Postcard from the End of America: Point Breeze in Philadelphia

Southerner Fred Reed writes about Yankee hypocrisy, “You’ve heard about white flight. In nearly about every city in the North, white people streak for the suburbs so’s not to be near black people, and then they talk about how bad Southerners are for doing the same thing [ . . . ] Fact is, you can see more social, comfortable integration in a catfish house in Louisiana than you can in probably all of Washington.”

As of 2010, Philly was 41% white, 43.4% black and 6.3% Asian, and I would guess there are more whites and Asians now, thanks to obvious gentrification in several neighborhoods. See what I just did there, equating gentrification with fewer blacks? But that’s just how it is in contemporary America, where fewer blacks in any neighborhood means fewer crimes, better schools and rising house prices. Even Spike Lee can’t refute this.

I live in Passyunk Square, a white, Asian and Hispanic neighborhood that’s adjacent to Point Breeze, a gentrifying ghetto. Broad Street is the dividing line, and for the longest time, it would not be wise to cross into Point Breeze, unless you were begging for a mugging. I know one white guy who was relieved of his wallet at gunpoint, and a white woman who was punched and kicked by a bunch of black teens, just for the fun of it.

Just before Christmas, a black acquaintance had his apartment burglarized, with the thief breaking in by taking out the air conditioner from a window. He took that, plus the television and a Michael Kor watch. “It’s weird he knew where it was. I kept it in a drawer. I think he’s a friend,” or a lover of this gay man. With 24,137 people, Point Breeze had 112 burglaries in 2017.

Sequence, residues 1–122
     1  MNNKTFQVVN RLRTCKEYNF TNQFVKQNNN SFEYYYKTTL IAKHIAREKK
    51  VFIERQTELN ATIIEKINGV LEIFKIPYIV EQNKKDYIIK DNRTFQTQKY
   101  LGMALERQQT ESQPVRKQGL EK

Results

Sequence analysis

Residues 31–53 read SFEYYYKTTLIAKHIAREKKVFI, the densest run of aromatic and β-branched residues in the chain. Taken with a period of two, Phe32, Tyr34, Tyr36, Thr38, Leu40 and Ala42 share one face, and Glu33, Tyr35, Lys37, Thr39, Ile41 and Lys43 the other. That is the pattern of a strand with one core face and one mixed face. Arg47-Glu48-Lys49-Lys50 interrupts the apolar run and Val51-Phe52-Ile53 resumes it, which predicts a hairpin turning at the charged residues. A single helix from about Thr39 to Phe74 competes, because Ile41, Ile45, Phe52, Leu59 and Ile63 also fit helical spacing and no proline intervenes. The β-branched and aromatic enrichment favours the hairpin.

With its cheap rent and proximity to Center City, Point Breeze has lured many non-blacks over the years, however, and the first group to move in were poor Asian immigrants. In 1984, I visited an overcrowded house that had people sleeping in the living room. I remember a tiny pregnant woman, lying on the floor. By 2000, there were 900 Vietnamese in Point Breeze, or 12% of the population. Now, Point Breeze has Indonesian groceries and restaurants, an Indonesian storefront mosque, a Chinese Buddhist temple, and a Laotian one. At St. Thomas Aquinas, a magnificent church founded by Italian immigrants in 1885, there are Vietnamese and Indonesian services each Sunday.

Rocky marries Adrian in this church. From its website, “St. Thomas Aquinas Catholic Community, through our cultural diversity, united in our expressions of faith, lives the Gospel message in our neighborhood through worship, education, service, and advocacy.” Inside, there’s a beautiful shrine to the Vietnamese Catholic martyrs of the 18th and 19th centuries. For following the Western religion and, in many cases, supporting the invading French, at least 130,000 were tortured and killed by Vietnamese authorities.

I know all you lovers of diversity can’t wait to move into Point Breeze now, for it has every color in the rainbow, but by the time you get here, there won’t be too many African-Americans left, I’m afraid, so let me give you a quick tour of black Point Breeze. Our first stop is Scotty’s Bar, famous for its Obama shrine. Our handsome, half-white 44th president is seen smiling inside an oval, blue background frame, with tinsel and colored string lights all around him.

Other black men are honored throughout Point Breeze for, well, being shot. Walk around and you’ll run into their wall portraits, such as that of “FAT CAT.” Seen holding his daughter, he was killed in 2005 at age 23. In the bay window of a well-kept middle-class home, there are two colorful banners with purple stars and red roses. Under the message “ALWAYS AND FOREVER” is the face of a young soldier in uniform.

Nearby, there’s a framed print of a black Jesus.

Since it’s just around the corner, let’s stop in Sit on It, my favorite black bar in Point Breeze, and it’s dirt cheap too. Here, the bartenders are Miss Cynthia, Miss Mary and Miss Rose, all old ladies. Fifty-four, Rose is divorced and has four grown kids, “They’re doing OK, except my boy. He’s giving me a bit of trouble.”